Saturday, May 15, 2010

A renter's dilemma...

I'm moving soon. It's definitely not my favorite activity. Something I actually loathe doing. It's more the actual packing and unpacking, and the mess. And I say that knowing I will hire some strong, strapping (no pun intended) men to lug my heavy stuff down from a second floor apartment and drive four blocks just to put it back in place in an apartment on the first floor, but very similar in floor plan.

The dilemma is this: My current landlord is an ass. The lease and the vacate notice are riddled with conditions and clauses that, if they wanted to get technical, they could easily keep the one-month security deposit I paid a little over a year ago when I leased the place. The biggest "catch" is that I am to clean up the apartment (including appliances) and upon their inspection after I "vacate," they will determine if I get my deposit back.

Hmmmm. Guess they didn't inspect very closely when I moved in. It wasn't what I'd pass as "ready to move in."

Specifically, there was crud in the bathtub, along with pieces of grout and caulk (since they had supposedly just remodeled the kitchen). I know, what's the bathtub got to do with the kitchen? Good question. Whoever painted the walls neglected to use painter's tape and there was brush marks and paint spills on all the woodwork and the newly refinished hardwood floors. They didn't take a moment to at least try to wipe up their sloppiness. Oh, and the floors. The new lacquer finish was already bubbling when I moved in.

More? The smoke detectors didn't have batteries in them, the doorbell didn't work, the light fixture outside my storage locker in the basement didn't work (still doesn't), and there was not a washer drain stand pipe. I had to buy materials and build my own out of PVC pipe.

Oh, and the garage? It was so full of junk that I couldn't drive my car into it. They finally did clear out the garage, but it took them over six months to do so. Then I discovered that the garage had no electricity, so once you manually close the heavy garage door at night when coming home, you had to grapple and feel your way to the entry door. A few months ago, bricks from the inside layer of the wall started falling off and nearly hit my car's hood.

Did I mention that the basement is intolerably moist - with mildew on the stone foundation? It has a place where someone (lowest bid handman) connected a copper water pipe to a PVC pipe without the proper fitting. It leaks incessantly and the basement floor is always wet in that area. Plus, this building has the old, quaint coal bin doors. By the way, that's where my storage locker is. That's the place where I can store valuable things, locked up. The metal bin door isn't caulked or sealed in any way, shape or fashion. You can see sunlight, which means water comes in when it rains; freezing cold in the winter, and every four to eight legged thing the rest of the time. I've had to spray bug killer and bought a dehumidifier for the locker that runs non-stop -- just to keep my things from getting mold and mildewed.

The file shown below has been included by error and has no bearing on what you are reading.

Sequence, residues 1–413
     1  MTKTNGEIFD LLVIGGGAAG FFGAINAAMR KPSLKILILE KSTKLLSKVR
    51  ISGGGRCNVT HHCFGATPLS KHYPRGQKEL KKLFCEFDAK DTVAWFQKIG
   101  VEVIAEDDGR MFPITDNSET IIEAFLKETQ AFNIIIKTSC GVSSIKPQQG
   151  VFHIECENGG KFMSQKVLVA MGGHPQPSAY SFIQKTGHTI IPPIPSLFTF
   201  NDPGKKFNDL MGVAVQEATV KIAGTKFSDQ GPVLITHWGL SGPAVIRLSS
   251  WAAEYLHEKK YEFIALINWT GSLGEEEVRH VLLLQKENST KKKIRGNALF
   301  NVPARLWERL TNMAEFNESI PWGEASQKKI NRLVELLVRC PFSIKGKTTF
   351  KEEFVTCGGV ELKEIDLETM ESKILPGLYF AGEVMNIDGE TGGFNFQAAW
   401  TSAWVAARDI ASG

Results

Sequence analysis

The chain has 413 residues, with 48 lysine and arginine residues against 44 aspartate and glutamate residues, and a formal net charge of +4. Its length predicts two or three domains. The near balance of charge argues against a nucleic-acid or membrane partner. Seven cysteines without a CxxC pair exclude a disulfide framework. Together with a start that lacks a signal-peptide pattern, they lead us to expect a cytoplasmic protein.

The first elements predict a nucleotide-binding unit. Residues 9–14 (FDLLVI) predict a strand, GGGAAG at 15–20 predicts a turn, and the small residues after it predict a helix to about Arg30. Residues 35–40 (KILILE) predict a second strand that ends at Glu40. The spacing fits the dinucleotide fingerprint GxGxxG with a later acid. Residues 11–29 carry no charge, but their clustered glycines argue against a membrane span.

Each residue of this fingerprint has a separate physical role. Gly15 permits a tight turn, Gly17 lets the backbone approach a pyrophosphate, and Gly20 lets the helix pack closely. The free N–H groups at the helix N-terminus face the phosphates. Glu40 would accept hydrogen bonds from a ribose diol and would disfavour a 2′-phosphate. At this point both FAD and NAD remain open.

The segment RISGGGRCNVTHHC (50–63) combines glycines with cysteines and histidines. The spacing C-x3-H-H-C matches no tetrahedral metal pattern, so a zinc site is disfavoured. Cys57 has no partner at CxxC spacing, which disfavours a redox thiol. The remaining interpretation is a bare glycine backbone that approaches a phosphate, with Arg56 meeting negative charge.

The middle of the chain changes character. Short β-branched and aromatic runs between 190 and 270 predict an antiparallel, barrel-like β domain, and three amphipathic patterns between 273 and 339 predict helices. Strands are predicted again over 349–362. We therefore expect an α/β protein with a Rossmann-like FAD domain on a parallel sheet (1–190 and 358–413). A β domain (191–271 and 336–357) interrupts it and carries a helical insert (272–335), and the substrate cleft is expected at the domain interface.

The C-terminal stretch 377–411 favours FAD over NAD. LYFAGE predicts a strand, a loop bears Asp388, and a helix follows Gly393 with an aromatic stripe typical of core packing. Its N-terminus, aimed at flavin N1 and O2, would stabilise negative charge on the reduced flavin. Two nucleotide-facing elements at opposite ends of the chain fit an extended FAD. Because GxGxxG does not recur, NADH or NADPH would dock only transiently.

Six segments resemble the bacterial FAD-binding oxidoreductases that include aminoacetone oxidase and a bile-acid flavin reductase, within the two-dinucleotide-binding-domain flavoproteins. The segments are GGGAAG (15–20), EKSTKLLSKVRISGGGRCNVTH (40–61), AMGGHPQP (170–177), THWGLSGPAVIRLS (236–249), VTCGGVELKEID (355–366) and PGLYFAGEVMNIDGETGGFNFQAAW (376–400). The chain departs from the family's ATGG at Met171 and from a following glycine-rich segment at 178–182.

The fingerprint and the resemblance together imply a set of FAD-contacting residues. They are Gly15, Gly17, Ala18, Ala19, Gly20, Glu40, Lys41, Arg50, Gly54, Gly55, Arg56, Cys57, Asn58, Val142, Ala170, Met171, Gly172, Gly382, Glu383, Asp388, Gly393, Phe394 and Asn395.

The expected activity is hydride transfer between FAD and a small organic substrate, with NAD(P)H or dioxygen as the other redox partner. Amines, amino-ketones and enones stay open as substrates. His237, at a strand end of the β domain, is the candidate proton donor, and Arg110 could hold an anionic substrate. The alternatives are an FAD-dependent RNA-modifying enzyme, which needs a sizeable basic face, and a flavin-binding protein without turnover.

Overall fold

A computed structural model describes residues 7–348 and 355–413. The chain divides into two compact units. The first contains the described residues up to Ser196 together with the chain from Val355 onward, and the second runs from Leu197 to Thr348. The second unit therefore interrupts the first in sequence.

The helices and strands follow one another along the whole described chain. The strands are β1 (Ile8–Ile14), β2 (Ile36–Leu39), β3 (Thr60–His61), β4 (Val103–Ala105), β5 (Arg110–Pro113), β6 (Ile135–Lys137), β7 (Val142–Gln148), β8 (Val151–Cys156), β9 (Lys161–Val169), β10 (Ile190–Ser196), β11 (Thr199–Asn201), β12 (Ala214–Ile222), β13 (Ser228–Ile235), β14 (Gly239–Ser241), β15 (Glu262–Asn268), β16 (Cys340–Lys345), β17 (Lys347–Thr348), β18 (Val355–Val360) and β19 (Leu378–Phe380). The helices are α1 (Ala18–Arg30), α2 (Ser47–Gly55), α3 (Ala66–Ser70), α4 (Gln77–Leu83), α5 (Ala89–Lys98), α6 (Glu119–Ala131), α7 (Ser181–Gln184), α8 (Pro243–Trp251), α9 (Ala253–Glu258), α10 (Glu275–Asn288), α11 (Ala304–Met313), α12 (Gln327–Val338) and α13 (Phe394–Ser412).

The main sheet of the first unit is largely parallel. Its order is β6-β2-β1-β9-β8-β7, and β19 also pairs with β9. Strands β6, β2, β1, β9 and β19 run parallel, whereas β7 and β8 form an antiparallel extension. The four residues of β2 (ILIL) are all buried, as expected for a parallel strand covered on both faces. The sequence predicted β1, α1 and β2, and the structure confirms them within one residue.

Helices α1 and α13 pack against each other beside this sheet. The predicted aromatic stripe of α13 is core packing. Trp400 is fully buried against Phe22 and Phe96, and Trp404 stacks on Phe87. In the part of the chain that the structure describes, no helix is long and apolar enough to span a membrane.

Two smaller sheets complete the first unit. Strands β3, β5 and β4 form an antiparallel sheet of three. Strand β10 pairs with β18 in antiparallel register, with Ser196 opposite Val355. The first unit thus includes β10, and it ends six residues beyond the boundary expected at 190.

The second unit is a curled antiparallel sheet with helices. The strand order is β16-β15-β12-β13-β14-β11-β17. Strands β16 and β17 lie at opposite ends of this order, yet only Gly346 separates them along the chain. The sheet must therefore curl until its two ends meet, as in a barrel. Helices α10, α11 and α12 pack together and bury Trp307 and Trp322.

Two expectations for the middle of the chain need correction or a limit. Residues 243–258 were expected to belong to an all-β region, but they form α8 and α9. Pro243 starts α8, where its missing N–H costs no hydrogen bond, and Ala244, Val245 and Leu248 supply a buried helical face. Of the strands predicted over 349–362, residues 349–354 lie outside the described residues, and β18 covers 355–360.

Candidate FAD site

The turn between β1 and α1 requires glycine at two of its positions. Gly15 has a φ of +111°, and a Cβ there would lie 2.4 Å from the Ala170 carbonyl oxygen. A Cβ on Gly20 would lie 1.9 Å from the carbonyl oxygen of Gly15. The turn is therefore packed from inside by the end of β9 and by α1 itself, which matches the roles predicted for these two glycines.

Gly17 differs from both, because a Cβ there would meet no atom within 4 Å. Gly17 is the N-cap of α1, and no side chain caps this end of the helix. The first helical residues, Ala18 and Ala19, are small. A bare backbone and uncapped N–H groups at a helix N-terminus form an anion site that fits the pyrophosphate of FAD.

Another sore spot: my current apartment (nee my home) had new vinyl double-pane windows. But when winter came, I noticed a terrible draft around all of them – not to mention all the exterior doors, which probably is to be expected in an older building. But new windows? So I checked, since I have a pretty extensive background in home remodeling and have had two homes with newer insulated windows. Guess what? The lowest bid handyman neglected to caulk around the window frames, which means that while the double pane windows will keep cold out, the gap between the window frame and the window's four edges were leaking like a sieve. Yep, rather than complain and see nothing happen, I caulked them myself, which made a noticeable difference in comfort and natural gas bills each month.

Yes, I've complained verbally and in writing many times about all of these things. Each has been ignored or given lip service repeatedly. That, my friends, is why I'm moving. That is why I'm engaged in an activity that I do not want to do, really. Nor do I relish the time it will take away from more productive endeavors.

So, what about my new digs?

Well, I was very careful to find a place that is well-maintained, clean, dry and had owners who understand the value of all that, first, in finding someone to rent it, and two, keeping them happy and comfortable. The bonus is that the new apartment is a bit less expensive each month. Win-win!

So, caveat emptor! Just like buying a new home where you have to watch the builder scrupulously for cutting corners, forgetting to do things you paid for, or overlooking entirely, renting an apartment can be trying too.

The thing is this: Why do people renting properties feel they have to protect themselves so much from abusive renters, when they clearly are abusing their renters? Now we know another reason consumers insist on consumer protections. I'll step down from the soap box now.